The themed hotel, resembling a Roman paradise, is celebrating its golden anniversary on August 5th.” An icon of the Vegas strip, Caesar Palace has hosted some of the best known people in America. With years of service, also came multiple renovations. What started as a 680-room resort has become a nearly 4,000 room resort and multiplex extravaganza of luxury with its restaurants, shops, and entertainment facilities. Express, Peter Sheridan in Los Angeles visits the history of the iconic resort.
It is 50 years since Las Vegas’s Caesar Palace opened its doors
For half a century its Roman columns and marble statuary have dominated the Vegas Strip, hosting many of Sin City’s most memorable – and dubious – moments.
“Did Caesar live here?” asked Zach Galifianakis in 2009’s The Hangover – a question the hotel front desk now hears almost daily. But when launched by Atlantic City hotel mogul Jay Sarno, he deliberately omitted the apostrophe in Caesar’s to suggest that “every guest will be treated like an emperor”. It is a grammatical oversight so frequently noted that in 2013 the hotel opened the £1.3million Apostrophe Bar, with its signature cocktail The Missing Apostrophe.
The hotel featured in comedy hit The Hangover
Sarno was supported by an £8million loan from the Teamsters union, which was deeply entwined with the mafia, making the hotel mob-run from the start.
Frank Sinatra debuted at Caesars Palace in 1968 but in 1970 threw a public tantrum, outraged that the casino would not let him play for £12,000 a hand at a £1,500 limit baccarat table. Hotel executive Sanford Waterman pulled a gun on the Hollywood legend and Sheriff Ralph Lamb, who had been called to the hotel, threatened to throw Sinatra in jail saying: “I’m tired of the way he’s been acting around here anyway.”
Sinatra refused to complete the rest of his three-year contract and “retired” from showbusiness, only to bury the hatchet and headline at Caesars in 1974.
Frank Sinatra and his daughter Tina at the hotel in 1969
Despite its kitsch decor and 20ft statue of Julius Caesar dominating the entrance, Caesars has remained a Las Vegas innovator. It brought major boxing bouts to the city, hosting championship fights featuring Ali, Holmes and the likes of George Foreman, Evander Holyfield and Marvin Hagler, as well as Formula One grand prix races.
Motorbike daredevil Knievel’s most famous exploit was his 1967 leap 140ft across the hotel’s fountains, aired as a TV special. His bike landed inches short of the ramp and Knievel cartwheeled across the concrete like a rag doll. Near death, Knievel lay in a coma for 29 days with a fractured pelvis, femur, wrist and ankles before recovering.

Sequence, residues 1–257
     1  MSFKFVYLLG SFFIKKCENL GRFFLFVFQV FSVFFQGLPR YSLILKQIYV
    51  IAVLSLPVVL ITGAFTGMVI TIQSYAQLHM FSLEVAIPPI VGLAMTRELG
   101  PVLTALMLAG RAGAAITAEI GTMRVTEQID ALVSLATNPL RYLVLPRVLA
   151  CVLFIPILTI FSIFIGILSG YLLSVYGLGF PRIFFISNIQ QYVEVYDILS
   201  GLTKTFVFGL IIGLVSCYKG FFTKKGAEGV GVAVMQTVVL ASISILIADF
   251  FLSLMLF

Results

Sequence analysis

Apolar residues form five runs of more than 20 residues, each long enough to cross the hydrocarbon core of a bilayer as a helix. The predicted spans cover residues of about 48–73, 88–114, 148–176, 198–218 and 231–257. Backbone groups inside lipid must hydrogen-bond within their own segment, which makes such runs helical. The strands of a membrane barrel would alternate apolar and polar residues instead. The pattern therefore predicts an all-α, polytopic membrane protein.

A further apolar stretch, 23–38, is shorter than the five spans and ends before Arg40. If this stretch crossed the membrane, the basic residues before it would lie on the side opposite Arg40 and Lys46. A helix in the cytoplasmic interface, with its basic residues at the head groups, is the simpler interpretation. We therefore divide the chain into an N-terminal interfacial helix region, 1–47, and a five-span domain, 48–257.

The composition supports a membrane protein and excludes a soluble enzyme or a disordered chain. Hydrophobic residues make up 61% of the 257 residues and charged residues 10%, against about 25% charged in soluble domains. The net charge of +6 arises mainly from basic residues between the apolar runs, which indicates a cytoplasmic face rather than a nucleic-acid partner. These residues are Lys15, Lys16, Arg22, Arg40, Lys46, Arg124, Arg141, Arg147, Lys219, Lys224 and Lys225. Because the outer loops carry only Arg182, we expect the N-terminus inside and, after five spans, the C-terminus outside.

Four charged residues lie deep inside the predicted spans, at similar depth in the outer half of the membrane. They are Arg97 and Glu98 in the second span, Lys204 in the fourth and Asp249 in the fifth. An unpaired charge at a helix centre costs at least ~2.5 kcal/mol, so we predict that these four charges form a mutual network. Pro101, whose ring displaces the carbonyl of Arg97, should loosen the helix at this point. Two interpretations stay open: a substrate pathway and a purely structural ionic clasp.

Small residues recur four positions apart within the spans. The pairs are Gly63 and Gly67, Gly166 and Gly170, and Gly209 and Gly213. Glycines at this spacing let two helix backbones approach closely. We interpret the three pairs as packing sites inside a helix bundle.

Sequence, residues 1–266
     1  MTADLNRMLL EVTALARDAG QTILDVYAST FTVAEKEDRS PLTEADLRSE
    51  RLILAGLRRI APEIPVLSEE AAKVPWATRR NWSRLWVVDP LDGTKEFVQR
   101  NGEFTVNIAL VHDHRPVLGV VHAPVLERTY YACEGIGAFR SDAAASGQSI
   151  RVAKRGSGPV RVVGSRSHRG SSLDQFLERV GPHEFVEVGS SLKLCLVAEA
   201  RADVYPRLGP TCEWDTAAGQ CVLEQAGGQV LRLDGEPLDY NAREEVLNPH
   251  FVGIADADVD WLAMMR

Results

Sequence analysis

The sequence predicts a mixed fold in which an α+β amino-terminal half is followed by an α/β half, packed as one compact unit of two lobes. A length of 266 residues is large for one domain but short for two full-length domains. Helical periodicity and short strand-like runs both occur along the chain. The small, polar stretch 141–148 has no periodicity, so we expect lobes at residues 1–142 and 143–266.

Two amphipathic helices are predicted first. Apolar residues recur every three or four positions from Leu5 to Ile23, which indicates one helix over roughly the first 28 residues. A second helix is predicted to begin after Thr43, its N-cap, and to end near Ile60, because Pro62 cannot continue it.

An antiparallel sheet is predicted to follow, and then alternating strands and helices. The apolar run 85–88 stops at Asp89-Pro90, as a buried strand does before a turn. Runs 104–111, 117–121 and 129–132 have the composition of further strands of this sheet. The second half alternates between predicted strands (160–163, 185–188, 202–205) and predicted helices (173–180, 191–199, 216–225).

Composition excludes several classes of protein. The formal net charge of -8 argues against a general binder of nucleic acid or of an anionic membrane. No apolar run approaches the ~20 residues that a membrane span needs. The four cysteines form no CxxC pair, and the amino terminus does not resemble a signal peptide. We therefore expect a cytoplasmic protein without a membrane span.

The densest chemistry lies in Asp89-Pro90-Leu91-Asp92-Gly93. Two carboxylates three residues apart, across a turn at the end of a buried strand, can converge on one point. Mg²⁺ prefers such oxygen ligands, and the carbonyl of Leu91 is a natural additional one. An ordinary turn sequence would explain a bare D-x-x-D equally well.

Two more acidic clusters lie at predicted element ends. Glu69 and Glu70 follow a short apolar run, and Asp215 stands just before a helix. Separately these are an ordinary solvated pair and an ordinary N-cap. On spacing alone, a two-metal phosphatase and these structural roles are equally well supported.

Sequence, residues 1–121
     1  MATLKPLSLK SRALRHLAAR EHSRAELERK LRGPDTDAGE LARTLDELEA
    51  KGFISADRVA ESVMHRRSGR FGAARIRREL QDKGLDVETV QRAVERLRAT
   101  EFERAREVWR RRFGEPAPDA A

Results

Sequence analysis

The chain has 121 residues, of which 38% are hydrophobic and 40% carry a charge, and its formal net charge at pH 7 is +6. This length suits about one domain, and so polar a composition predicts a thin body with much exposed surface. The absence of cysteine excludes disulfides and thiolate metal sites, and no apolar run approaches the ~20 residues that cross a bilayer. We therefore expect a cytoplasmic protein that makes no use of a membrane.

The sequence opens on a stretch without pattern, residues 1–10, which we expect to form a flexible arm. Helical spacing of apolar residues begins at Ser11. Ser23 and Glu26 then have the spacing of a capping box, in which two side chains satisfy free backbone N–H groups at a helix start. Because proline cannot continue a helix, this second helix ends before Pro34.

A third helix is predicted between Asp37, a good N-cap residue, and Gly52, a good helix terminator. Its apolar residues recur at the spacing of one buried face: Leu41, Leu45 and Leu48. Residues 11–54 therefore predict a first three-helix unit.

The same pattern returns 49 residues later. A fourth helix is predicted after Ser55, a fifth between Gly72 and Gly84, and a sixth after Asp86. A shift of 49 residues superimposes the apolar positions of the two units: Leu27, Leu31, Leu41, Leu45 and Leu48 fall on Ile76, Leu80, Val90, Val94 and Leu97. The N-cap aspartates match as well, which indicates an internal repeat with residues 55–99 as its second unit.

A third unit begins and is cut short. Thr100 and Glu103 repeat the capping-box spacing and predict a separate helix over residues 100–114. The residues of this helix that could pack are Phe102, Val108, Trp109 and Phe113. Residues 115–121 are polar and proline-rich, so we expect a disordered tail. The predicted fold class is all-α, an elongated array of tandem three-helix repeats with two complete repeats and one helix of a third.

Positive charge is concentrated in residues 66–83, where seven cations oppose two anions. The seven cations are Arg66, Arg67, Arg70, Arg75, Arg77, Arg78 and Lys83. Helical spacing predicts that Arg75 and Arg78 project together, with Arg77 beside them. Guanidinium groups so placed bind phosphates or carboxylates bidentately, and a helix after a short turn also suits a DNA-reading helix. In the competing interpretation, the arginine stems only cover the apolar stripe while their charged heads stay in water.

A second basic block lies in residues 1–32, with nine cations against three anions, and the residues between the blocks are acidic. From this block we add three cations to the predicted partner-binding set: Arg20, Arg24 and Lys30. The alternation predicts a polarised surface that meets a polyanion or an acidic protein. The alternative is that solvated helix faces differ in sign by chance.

The hotel’s 1,200-seat Circus Maximus theatre hosted stars including Liberace, Tony Bennett, Diana Ross and Jerry Lewis before its demolition in 2000. It was replaced by the 4,296-seat Colosseum, purposebuilt to host Celine Dion as Las Vegas’s first “resident artist” launching a new generation of Vegas superstar acts including Elton John and Britney Spears.
Larry Holmes and Muhammad Ali fight at the Caesar Palace in 1980
When the hotel built its vast mall of Forum Shops, critics warned: “No one comes to Vegas to shop” yet it became one of the world’s most successful shopping centres. When celebrity chef Wolfgang Puck opened a restaurant there critics again warned: “No one comes to Vegas to eat” but its success transformed the city into a culinary mecca. Gordon Ramsay now reigns there.
Sarno, having built Caesars for £18million, was pressured to sell the resort after only three years for £45million following a federal investigation into his links to organised crime.
Caesars is near the end of a £756million renovation to prepare it for the next 50 years but the aftermath of the economic recession and a slump in gambling threatens to destroy it. The casino’s operating company is saddled with £17billion in debt and declared bankruptcy in 2015. Creditors have sued, accusing it of asset-stripping.
Caesars has endured other scandals. It was fined £7million last year for failing to control money-laundering by allowing high-rollers to gamble anonymously. And in 2009 Caesars was fined £170,000 in a sex-drugs-and-booze probe after Nebraska tycoon Terrance Watanabe blew £96million in a year-long gambling binge, then complained that the casino had plied him with alcohol and drugs.
But Las Vegas is rebounding with a record 46 million visitors last year and Caesars Palace is packed 24 hours a day. The Hangover continues to cast its debauched shadow over Caesars, where guests regularly ask to stay in Suite 2452, as seen in the film, though the interior was constructed on a studio soundstage.
The Vegas tourist authority is repeatedly asked: “Where do I get the tiger?” “Hotel security catch people trying to sneak up on to the roof,” says Hangover director Todd Phillips. “They wanna go on the roof to have a toast and start their night. It’s crazy.” No, that’s just Caesars Palace, baby.